The laser printer 10 includes a bias control circuit 94 that generates a set of control signals 90 for controlling biases applied to the toner holder 35 that contains the toner 34 and for controlling an amount of charge applied to the drum 26 by the drum charger 30. The bias control circuit 94 enables the printer controller 80 to print Braille elements by controlling the charge on the drum 26 together with a bias applied to the toner holder 35 so that more of the toner 34 is attracted to the drum 26 when printing Braille elements. In one embodiment of the laser printer 10, the bias that is used to adjust the amount of the toner 34 placed on an area of the paper 12 is a DC bias for primary charging of the drum 26 and developing using the toner holder 35 of approximately 700 VDC. For wider ranges of density, i.e. more toner deposition, both the DC and AC biases may be adjusted. The biases used on the toner 34 and the drum charger 30 may be independently controlled or may be controlled in concert. An interaction of the biases used on the toner 34 and the drum charger 30 may significantly influence how much toner is applied to the paper 12.
The printer controller 80 uses the bias control circuit 94 to control the charge on the drum 26 together with a bias applied to the toner holder 35 on a page by page basis. The control of charge on the drum 26 with the bias to the toner holder 35 provides a density setting. The density is a measure of how much of the toner 34 is applied to the paper 12. The density may be used to provide a “Braille page” setting for the laser printer 10 such that the amount of the toner 34 applied to the drum 26 (and ultimately the paper 12) is maximized. The Braille page setting may be used in combination with extra light pulses from the laser 22 when printing Braille elements.
The particles of the toner 34 may be enlarged to facilitate the formation of tactile bumps for Braille elements. If toner particle size is changed, the DC and AC biases may be adjusted to compensate for the changed particle size.
The laser printer 10 includes a fuser control circuit 96 that generates a set of control signals 92 to the fuser 28. The fuser control circuit 96 enables the printer controller 80 to control an amount of pressure applied by a set of rollers in the fuser 28 to the paper 12. For example, the printer controller 80 may reduce the amount of pressure applied by the rollers when printing a Braille page. The reduced pressure increases the height of Braille bumps. In addition, the fuser control circuit 96 enables the printer controller 80 to control the temperature applied by the fuser 28. For example, the temperature of the fuser 28 may be reduced when printing a Braille page so that the height of Braille bumps is increased.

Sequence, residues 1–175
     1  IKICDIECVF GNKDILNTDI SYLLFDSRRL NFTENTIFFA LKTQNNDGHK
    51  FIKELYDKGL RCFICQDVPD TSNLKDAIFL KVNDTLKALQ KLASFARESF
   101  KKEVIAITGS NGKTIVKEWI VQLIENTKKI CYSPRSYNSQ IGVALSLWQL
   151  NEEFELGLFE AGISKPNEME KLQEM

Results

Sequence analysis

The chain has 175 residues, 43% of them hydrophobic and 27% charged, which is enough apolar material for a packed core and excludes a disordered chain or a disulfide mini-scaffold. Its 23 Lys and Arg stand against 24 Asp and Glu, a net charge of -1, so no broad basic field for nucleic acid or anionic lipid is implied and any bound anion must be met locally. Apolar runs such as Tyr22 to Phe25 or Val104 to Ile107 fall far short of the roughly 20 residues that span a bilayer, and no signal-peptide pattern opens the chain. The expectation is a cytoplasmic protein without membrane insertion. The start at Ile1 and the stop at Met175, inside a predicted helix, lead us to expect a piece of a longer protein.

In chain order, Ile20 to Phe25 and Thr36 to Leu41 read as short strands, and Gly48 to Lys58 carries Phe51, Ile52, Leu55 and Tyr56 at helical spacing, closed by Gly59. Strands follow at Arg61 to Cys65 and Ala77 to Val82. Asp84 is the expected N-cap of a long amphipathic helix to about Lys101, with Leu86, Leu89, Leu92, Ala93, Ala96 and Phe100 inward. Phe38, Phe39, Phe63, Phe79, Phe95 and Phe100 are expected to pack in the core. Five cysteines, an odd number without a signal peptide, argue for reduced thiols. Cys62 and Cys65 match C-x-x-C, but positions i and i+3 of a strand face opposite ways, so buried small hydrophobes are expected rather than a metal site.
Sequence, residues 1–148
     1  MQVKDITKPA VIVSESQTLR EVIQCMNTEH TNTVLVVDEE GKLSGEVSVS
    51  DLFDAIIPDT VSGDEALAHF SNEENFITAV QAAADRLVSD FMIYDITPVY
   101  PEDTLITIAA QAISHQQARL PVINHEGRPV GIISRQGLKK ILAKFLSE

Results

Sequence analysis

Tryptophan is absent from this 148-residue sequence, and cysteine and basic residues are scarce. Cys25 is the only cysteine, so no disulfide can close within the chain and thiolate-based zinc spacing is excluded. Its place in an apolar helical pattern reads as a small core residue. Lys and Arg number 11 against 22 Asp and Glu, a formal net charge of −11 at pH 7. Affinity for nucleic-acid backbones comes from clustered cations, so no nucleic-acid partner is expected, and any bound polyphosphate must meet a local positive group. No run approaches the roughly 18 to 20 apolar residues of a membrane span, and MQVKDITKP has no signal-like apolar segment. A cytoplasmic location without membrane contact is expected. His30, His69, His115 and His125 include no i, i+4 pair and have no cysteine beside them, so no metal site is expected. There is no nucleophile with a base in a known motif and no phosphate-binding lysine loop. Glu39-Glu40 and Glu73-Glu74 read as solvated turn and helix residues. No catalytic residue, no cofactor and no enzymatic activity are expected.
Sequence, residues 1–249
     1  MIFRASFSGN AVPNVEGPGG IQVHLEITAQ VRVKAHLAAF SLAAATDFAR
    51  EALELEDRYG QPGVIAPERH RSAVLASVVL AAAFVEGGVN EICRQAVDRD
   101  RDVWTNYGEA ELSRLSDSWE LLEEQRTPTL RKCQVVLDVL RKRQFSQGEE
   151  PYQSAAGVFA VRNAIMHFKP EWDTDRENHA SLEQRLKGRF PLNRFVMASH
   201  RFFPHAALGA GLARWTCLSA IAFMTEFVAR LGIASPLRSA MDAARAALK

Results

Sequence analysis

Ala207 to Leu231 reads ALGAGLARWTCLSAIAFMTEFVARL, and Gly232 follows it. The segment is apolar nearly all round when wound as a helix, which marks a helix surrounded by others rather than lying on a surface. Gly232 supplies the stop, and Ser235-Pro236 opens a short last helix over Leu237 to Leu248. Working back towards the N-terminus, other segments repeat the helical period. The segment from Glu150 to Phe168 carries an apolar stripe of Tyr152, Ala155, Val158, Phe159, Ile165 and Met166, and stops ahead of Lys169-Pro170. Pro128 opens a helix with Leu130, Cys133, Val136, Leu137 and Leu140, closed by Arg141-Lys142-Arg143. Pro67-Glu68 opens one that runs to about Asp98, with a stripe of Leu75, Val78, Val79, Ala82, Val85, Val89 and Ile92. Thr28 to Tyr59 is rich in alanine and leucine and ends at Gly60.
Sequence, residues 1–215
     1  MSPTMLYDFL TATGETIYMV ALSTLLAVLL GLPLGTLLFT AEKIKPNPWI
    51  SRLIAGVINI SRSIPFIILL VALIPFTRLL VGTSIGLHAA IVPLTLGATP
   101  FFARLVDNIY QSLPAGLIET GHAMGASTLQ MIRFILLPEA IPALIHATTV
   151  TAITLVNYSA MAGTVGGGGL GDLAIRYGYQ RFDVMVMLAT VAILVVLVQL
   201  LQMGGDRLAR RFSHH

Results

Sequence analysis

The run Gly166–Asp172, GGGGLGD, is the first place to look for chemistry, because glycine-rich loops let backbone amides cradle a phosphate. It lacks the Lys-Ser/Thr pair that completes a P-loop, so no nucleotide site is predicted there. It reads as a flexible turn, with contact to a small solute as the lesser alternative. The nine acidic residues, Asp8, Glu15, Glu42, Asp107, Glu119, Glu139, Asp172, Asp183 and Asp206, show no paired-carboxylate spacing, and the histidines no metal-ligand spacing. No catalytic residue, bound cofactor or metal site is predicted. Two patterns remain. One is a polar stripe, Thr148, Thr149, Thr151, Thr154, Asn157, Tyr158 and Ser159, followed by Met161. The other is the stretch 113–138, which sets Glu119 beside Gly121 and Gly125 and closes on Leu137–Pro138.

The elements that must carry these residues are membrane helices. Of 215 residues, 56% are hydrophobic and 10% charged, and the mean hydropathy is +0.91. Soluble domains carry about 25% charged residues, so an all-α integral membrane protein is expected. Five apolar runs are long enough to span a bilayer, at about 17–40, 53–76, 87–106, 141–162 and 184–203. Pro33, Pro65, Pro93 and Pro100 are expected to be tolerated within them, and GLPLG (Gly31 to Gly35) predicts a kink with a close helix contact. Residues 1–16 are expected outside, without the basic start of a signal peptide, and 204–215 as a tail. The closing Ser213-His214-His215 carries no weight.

The printer controller 80 may reduce the speed of movement of the paper 12 when printing a Braille page. For example, the laser printer 10 in one embodiment includes a motor control circuit 110 that generates a set of control signal 112 that provide paper speeds of one-half, one-third, and one quarter normal speed. The different speeds may be employed for different types of media that require significantly more heating. A slower print speed enables the paper 12 to spend more time in the fuser 28 to increase heat to the toner without generating more heat in the fuser 28. The increased time in the fuser 28 increases the heat applied to the paper 12 and facilitates the heating of larger amounts of toner on Braille elements.
The foregoing detailed description of the present invention is provided for the purposes of illustration and is not intended to be exhaustive or to limit the invention to the precise embodiment disclosed. Accordingly, the scope of the present invention is defined by the appended claims.
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|JPH0863039A||Title not available|
|JPH1058819A||Title not available|
|JPH02220882A||Title not available|
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|JPS5863973A||Title not available|
|1||Tom Harris. "How Laser Printers Work". Mar. 14, 2001 http://computer.howstuffworks.com/laser-printer.htm.|
|U.S. Classification||347/251, 347/224|
|International Classification||B41J2/47, B41J2/435|
|Cooperative Classification||G03G15/221, B41J3/32, G03G15/04072, G03G15/043|
|European Classification||G03G15/043, B41J3/32, G03G15/22A|